#Article (Archive)

Remove the spoke in our wheel

Oct 5, 2015, 10:03 AM

A joint tourism promotion and marketing programme between The Gambia and Ghana has been planned to commence by the end of this year.

The initiative involves a knowledge exchange programme by which staff of Ghanaian and Gambian tourism facilities will undertake industrial attachments for on-the-job skills upgrade.

A memorandum of understanding (MoU) on the joint tourism promotion programme between the two countries states that both countries will enter into a multiple destination agreement by which a tourist who buys a ticket to visit The Gambia will, automatically, visit the other country as one package.

Many other fine and beneficial initiatives, such as cultural exchange programmes, drama and dance groups from each country, as well as strengthening private sector activities through tourism, have been discussed between the two parties.

But it is sad to note that such plans and efforts would hardly succeed owing to the fact that a direct flight linking the two countries is unavailable to facilitate movement of people and business between both destinations, which is really serving as a spoke in our wheel.

“The biggest threat to efforts at any joint Ghana-Gambia tourism cooperation is the absence of a direct flight linking the two countries,” the Ghana Tourism Federation (GHATOF) president was quoted as saying by media reports.

The GHATOF president was also quoted as saying there were moves in consultation with the Board of Airline Representatives in Ghana to remedy the situation, after Gambia Air, which used to fly to Accra, has ceased operation.

With all the good plans being put in place to promote tourism and cultural exchange between both countries, moves are still at consultative stage to remedy the situation of flight deficiency between the two countries!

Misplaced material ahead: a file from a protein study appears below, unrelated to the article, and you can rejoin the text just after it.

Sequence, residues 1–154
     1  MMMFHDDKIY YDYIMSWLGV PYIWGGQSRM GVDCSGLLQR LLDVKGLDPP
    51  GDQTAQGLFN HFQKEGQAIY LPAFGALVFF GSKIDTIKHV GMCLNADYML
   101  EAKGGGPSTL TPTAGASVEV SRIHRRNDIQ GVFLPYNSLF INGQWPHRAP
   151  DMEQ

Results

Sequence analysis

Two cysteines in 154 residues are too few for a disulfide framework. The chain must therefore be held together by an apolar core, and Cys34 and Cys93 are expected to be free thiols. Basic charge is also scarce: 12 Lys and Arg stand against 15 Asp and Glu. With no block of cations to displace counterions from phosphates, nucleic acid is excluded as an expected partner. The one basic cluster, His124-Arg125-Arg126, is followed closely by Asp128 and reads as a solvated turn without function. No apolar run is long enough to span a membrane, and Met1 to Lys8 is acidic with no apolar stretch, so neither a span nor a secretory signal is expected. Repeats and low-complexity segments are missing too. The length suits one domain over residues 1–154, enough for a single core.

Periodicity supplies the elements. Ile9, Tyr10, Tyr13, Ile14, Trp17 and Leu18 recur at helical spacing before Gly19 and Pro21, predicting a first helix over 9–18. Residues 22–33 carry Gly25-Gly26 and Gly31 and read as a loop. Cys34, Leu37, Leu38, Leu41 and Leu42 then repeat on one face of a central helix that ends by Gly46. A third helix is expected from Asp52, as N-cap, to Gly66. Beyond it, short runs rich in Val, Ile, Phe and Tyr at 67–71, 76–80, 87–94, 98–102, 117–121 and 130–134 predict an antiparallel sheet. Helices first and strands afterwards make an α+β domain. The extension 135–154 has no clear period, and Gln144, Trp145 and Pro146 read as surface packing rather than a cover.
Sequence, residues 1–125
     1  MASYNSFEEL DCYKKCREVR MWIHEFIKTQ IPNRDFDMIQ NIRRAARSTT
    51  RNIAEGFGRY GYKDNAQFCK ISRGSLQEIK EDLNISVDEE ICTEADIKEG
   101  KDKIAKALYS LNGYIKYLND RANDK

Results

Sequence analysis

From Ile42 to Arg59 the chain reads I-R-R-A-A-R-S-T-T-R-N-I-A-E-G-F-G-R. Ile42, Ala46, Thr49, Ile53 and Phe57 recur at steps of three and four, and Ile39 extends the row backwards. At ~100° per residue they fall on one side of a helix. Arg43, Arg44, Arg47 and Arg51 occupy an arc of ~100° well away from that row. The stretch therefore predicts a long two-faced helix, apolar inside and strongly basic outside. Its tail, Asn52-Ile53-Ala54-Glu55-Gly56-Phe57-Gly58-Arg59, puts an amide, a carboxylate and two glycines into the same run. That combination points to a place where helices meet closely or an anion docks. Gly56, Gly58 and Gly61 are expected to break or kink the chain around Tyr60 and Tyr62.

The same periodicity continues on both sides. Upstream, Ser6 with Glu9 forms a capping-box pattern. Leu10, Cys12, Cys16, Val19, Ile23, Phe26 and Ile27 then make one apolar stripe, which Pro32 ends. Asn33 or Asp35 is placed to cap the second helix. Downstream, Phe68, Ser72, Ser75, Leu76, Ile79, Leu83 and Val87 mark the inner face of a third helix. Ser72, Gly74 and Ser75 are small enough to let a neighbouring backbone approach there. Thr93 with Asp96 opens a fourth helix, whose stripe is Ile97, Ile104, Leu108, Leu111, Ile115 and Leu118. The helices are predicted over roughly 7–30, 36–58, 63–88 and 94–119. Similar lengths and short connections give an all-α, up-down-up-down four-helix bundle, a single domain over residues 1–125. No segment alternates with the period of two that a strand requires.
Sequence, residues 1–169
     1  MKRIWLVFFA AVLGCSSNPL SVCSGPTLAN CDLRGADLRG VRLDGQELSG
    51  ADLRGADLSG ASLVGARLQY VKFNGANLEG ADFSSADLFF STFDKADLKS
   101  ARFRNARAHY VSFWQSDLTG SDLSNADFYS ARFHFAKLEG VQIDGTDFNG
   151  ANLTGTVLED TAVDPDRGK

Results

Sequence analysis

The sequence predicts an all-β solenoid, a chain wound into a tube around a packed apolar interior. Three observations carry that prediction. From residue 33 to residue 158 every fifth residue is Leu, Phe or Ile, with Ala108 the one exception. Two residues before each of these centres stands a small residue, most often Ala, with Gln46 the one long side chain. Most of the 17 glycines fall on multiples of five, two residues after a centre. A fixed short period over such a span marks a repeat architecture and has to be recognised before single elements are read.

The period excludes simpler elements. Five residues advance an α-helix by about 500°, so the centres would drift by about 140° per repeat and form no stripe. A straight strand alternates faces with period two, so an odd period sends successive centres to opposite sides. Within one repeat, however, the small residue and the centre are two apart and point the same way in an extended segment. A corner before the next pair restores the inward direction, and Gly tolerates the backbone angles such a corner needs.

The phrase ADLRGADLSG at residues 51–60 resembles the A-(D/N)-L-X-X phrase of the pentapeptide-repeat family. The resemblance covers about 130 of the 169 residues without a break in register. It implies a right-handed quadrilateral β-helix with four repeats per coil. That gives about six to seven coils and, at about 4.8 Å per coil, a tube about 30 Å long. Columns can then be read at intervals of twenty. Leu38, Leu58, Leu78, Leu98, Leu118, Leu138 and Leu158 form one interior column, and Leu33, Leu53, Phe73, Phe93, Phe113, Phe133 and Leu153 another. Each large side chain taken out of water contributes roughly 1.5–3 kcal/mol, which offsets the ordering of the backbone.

These are some of the reasons good plans or dreams hardly come to fruition, or succeed in Africa.

If the fundamental conditions for growth and development are not really put in place it would require a miracle for such joint-national plans or agreements to succeed.

The essence of having regional flights linking countries in the sub-region needs not be overemphasised.

Without regular and efficient flights linking the region, movement of people and trade or business transactions between nations will be greatly hindered, and growth and development would hardly be meaningfully realised.

Hence we in The Gambia cannot afford to go on without regular flights linking us with our West African neighbours.

Our authorities in the region would need to come together to do something about this impeding situation as regards regional flights in West Africa.

The Gambia Bird, a Gambian-based airline company, which was connecting countries, people, and economies, has had to fold for one reason or the other, leaving the skies empty, people stranded and regional business retarded.

We, therefore, need to seriously and urgently start to address this retarding situation.

“Let’s make it possible to achieve our joint regional agreements in tourism.”
The Point